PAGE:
There is no story to this book. Yet I would not call it episodic or slice of life. It is a tour de force stream of consciousness telling of what the world might be like under certain circumstances. It is securely anchored in the concerns of the 1980s, when it was written, but it is just as valid here in 2013, when some of the issues have shifted but the polarization is if anything worse than it was. It's not giving anything away to say that the book describes a reactionary dystopia where women's rights have been revoked. One of the interesting things Atwood does is invert what you would expect as a consequence of that. The female characters, bad and good, are still depicted as actual human beings. The male characters, for the most part, are mere automatons blindly serving the reactionary regime. I think this is Atwood's subtle way of pointing out that men as well as women are the victims of the repressive system that has taken power. There are a couple things I wish I could say about the ending but I will restrain myself. One thing I have to say is that it ends with one of the most beautiful paragraphs in all of literature.
This great story is made fresh and wonderful again by the narration of Claire Danes. Don't miss it. It is the best.
I generally liked this book and would be interested in reading similar books. I am glad I bought and read this one!
Feminist, Dystopia, Terrifying
If you enjoy books such as Divergent, the Hunger Games, 1984, or any other dystopian future novels you will like this book. It is terrifyingly plausible and told as an intimate, personal fictional memoir.
This book will stay with me forever. The feminist in me is outraged and wants to scream. The reader in me is thrilled with the way it kept me intrigued from start to finish. Claire Danes is an outstanding narrator.
More recordings from Claire!
I could see how it all happened, how easy it would be to fall into that world.
As a woman, I felt that I could really connect with the narrator's fears, concerns, tiny joys, etc.
Claire Danes did a wonderful job narrating this novel. I often forgot it was her!
The novel made me think, which is the most powerful thing a book can do, in my opinion.
I've found it difficult to give a synopsis to my friends, but I absolutely recommend the book. I'm looking forward to listening to it again in the future, a I'm sure there are many small details I missed the first time around.
Set in the United States after a nuclear holoocaust leaving the vast majority dead or sterile, The Handmaid's Tale is a glimpse beyond the looking glass into a world almost too terrifying to comprehend. Narrated through the eyes of Offred, a brood mare for the Commander, Atwood paints a vivid tale about the horrors of misogyny under a theocratic dictatorship.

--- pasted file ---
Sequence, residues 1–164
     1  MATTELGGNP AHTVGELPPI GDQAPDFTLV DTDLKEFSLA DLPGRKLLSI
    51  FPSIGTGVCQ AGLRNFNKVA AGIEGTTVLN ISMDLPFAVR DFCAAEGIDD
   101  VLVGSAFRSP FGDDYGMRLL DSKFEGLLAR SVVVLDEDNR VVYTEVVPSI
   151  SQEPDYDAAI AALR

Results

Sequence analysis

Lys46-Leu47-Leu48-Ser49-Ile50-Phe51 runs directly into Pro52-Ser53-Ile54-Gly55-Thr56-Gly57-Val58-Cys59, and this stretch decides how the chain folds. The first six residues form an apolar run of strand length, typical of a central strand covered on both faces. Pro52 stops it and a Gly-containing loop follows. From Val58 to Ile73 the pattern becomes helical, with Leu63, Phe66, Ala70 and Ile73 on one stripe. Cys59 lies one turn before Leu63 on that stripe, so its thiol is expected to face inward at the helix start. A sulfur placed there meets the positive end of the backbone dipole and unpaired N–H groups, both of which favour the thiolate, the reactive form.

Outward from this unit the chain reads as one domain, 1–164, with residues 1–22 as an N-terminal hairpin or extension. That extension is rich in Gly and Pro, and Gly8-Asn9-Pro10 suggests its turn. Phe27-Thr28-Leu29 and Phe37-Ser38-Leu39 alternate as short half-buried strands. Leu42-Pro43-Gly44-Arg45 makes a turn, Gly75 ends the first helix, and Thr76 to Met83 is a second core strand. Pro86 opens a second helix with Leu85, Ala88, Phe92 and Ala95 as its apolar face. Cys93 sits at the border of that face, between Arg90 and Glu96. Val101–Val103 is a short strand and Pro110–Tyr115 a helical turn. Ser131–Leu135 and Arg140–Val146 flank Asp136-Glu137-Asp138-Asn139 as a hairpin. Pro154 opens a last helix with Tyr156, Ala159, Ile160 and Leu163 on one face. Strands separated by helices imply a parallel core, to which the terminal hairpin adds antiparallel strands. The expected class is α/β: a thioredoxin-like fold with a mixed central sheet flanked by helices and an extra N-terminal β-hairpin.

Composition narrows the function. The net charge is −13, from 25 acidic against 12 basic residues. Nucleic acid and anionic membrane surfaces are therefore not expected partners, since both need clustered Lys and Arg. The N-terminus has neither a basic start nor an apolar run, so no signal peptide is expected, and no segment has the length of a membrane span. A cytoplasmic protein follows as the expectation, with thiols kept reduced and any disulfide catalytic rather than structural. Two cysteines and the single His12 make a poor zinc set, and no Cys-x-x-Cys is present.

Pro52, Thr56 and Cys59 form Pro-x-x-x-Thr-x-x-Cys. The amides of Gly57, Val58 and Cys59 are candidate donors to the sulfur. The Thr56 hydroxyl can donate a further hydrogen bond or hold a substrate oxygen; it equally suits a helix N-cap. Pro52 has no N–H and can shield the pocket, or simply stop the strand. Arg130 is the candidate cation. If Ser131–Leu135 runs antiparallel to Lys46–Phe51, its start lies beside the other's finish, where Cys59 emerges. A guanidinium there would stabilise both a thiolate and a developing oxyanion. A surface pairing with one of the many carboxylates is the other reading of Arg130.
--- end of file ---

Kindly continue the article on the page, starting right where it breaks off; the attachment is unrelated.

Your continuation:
The writing is gripping and sharp. Brutally descriptive (yet minimalistic) sentences underscore the profound inhumanity of societies that have abandoned compassion in favour of mere pragmatic, practical, ends-justify-the-means policies that have rendered half of the population to act as expendable labour for the other half. Sleep is not always readily available, and the hangman's noose is never more than a failed duty away.
Women, save those fortunate enough to be pregnant or married to those in authority, are treated as abject slaves, valued only for their instrumental values. Thusly treated as means, they are preserved rather than respected. All means for suicide such as ceiling fans and hooks have been painstakingly removed. For that matter, so are their names, with the women being referred to only with respect to their owners. Offred. Ofglen. Even a woman's name, Martha, has been appropriated for use as maids. Their station signifies their lack of fertility, which has led to a loss in her value in this futuristic living nightmare. Individuality has been all but eradicated, and gossip is now a luxury. The parallels with the world today, especially the Middle East, are too obvious to overlook, and this is probably intentional. The audiobook is impeccable, with Claire Danes' deadpan reading adding near-copious quantities of tension and foreboding to the mix.
Before being allowed to leave the "boarding house", Offred is required to don garments that shroud her from sight. Her rank is designated by her the colour of her dress, red. If her Commander was to tire of his wife and elect Offred for this honour, she would be garbed in blue. The Commander himself wears black. If that wasn't enough, she is perpetually shadowed by another human incubator, who functions as her spy. Offred, likewise, functions as her companion's spy. Things only get worse as the details of this alternate/possible future are revealed. Each new page is akin to a door inside an authentic haunted house. From the first chapter, a sense that there are no happy endings for these oppressed slaves is engraved into the reader's consciousness.
This is a must-have book, and belongs beside 1984 and Brave New World. This apotheosis of literary talent should not be overlooked.